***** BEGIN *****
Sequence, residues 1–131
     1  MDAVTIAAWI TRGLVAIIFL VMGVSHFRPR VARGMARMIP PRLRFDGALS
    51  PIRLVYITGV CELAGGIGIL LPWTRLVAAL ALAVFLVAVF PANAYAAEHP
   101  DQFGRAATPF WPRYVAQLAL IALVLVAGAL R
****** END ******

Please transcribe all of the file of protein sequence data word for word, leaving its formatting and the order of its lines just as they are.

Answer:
Sequence, residues 1–131
     1  MDAVTIAAWI TRGLVAIIFL VMGVSHFRPR VARGMARMIP PRLRFDGALS
    51  PIRLVYITGV CELAGGIGIL LPWTRLVAAL ALAVFLVAVF PANAYAAEHP
   101  DQFGRAATPF WPRYVAQLAL IALVLVAGAL R